A nice honest example of an early south Indian katar with great sculptural qualities.
A fine, early example with silver-plated details.
With elaborately pierced and chiseled hilt.
Of nice quality, with unusual openwork silver bolster with serapendiya.
With a recurved blade and elaborate bronze hilt decorated with chakras.
With early pierced iron pommel and a style of scabbard worn in Arunachal Pradesh.
Made of a beautiful piece of black zitan hardwood, carved in a spiral, topped with a silver knob.
Of the chopper variety, with a finely carved ivory hilt.
A substantial example, of elegant form, with a complex grooved blade.
This peculiar sword was used by the Garo people of Assam for fighting, clearing the jungle, and animal sacrifices.
A 16th hooded katar with the wide, ribbed blade that is characteristic for this period.
A very early example of the type, with locally made rapier style blade.
With chevron patterned blade of alternating types of steel.
With lunette pommel of ivory plates.
With markings attributing it to Jalore.
A very fine, long and slender example with elaborate golden damascening.
An impressively large kasthāné, dating from the 18th century.
A number of downsized Indian toradar with such lavish inl
Made of steel, decorated with fine gold overlay in a pattern of swastikas.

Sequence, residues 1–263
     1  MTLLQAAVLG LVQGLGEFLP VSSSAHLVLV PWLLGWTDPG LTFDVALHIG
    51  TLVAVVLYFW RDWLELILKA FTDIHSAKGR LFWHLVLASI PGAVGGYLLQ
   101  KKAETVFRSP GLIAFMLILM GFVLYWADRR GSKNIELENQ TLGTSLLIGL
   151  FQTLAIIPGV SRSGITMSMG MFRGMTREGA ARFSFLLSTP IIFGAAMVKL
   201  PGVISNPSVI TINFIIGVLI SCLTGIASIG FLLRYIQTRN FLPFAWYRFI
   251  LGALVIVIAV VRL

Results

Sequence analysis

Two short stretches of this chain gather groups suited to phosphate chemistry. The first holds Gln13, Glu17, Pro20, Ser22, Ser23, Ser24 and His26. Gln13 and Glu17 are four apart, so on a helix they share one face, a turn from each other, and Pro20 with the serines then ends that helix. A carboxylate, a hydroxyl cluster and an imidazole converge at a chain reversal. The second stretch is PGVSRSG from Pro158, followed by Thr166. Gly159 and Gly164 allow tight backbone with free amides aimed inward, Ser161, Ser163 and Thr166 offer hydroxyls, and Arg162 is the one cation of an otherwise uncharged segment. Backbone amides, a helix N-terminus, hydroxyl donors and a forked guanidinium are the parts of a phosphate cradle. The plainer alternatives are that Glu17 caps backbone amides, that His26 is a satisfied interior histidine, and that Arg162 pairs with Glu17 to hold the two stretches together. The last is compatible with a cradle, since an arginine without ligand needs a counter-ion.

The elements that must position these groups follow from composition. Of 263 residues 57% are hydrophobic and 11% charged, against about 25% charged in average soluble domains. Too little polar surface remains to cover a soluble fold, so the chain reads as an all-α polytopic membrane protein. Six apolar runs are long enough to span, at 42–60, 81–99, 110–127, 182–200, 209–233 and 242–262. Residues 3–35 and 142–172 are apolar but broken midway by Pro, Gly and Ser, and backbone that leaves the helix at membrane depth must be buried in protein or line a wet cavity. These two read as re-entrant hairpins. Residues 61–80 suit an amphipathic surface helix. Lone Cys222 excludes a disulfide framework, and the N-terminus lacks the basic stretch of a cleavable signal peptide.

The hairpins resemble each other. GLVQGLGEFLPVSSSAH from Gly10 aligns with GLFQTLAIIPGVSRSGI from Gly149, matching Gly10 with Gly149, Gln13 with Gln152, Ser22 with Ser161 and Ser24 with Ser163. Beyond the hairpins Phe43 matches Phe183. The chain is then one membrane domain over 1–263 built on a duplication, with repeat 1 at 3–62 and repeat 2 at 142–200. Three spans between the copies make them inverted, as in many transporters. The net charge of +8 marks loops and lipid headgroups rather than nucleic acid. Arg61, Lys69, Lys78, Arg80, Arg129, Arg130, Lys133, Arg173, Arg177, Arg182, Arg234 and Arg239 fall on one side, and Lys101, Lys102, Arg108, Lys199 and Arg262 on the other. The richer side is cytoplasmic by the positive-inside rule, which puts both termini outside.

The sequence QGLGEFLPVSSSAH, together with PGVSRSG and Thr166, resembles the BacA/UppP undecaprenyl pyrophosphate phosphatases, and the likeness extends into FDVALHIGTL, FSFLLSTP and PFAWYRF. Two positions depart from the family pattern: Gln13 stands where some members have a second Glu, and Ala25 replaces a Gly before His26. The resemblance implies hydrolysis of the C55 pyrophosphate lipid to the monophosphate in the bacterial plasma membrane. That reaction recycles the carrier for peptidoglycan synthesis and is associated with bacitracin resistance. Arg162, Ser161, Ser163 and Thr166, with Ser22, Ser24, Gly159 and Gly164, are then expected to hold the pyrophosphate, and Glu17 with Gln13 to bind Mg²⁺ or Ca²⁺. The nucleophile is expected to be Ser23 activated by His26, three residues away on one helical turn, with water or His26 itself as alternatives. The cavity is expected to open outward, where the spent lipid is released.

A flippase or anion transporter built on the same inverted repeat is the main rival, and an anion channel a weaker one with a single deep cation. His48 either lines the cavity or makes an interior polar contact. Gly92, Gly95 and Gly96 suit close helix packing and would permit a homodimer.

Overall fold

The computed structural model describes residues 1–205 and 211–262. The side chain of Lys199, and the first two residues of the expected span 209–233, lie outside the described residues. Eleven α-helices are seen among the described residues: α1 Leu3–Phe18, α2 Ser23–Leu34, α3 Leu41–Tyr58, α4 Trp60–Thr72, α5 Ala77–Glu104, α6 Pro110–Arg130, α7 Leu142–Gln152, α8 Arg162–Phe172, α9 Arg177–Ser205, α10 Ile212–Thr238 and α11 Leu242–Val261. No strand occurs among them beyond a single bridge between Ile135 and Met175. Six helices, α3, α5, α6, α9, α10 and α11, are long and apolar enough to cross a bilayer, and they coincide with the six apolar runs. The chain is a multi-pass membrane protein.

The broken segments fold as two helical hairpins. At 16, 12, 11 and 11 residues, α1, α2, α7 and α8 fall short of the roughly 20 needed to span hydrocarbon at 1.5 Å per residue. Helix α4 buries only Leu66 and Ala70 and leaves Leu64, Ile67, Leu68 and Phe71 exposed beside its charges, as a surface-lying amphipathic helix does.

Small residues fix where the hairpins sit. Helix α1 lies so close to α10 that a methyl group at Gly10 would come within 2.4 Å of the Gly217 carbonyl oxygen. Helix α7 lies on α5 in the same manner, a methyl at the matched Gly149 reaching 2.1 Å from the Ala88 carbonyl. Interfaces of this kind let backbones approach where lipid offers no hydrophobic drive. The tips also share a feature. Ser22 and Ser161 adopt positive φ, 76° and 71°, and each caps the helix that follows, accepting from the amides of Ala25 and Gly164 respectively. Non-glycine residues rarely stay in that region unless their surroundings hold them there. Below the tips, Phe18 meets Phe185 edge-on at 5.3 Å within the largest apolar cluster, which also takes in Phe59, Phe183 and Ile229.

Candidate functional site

With a hilt that is of typical southern form, with a cupped base and langets.
An unusual cross-cultural mix, blending Burmese, Japanese and Indian parts.
Also known as piha-kaetta, this is more correctly a pihiya.
The best of its kind known to me, with silver overlay and ivory finial.
With charming zoomorphic gauntlet with feline head.
Somewhat worn but once very high-quality, with great sculptural qualities and remains of silver "true inlay".
A Sinhalese knife with lavish silver mounts and overlay.
An unusual type with a broad leaf-shaped head with deep sunken panels.
A large circular Asian export sword guard with elaborate decor carved in relief on both sides.
A massive example weighing just over 800 grams. With scabbard.
Indian loop hilted dagger are generally called bichuwa (बिछुवा )
With a blade of 17th-century European manufacture, with trader's name on it.
A north Indian bichuwa dagger with recurved blade and richly decorated hilt.
Iron lockbox with key, decorated with the gold koftgari normally seen on arms.
A nice example of a rare type of weapon from the Sinhalese arsenal.
Persian wootz shamshir in a talwar hilt from Lahore.
With wootz blade, and silver overlaid hilt that was finished with fire-gilding.
The hilt inlaid with silver, once blued for added contrast.
With wootz blade, Marwari style hilt, and its original red velvet scabbard.
With a very fine Persian blade of "brilliant black" wootz.
A rare example retaining its original silver covered scabbard.
A very fine example with beautifully chiseled silver pommel plate.
Possibly made in Gujarat and eventually incorporated in the Bikaner armory
The handle covered with gold damascening.
With blackened iron panels with decorative borders carved in relief.
The talwar or talvār (Hindi) is
A very crisp and complete example of its type.
Indian gauntlet sword with German blade made in Solingen.
Its blade pattern-welded and chiseled with designs of hunters and animals.
Late 17th century. With wootz blade and enamel chape.
These mysterious weapons were already obsolete when the first ethnographers encountered them.
A large and heavy example with chiseled decor and silver overlaid base.
With straight blade and two opposing Yali chiseled out of the forte of the blade.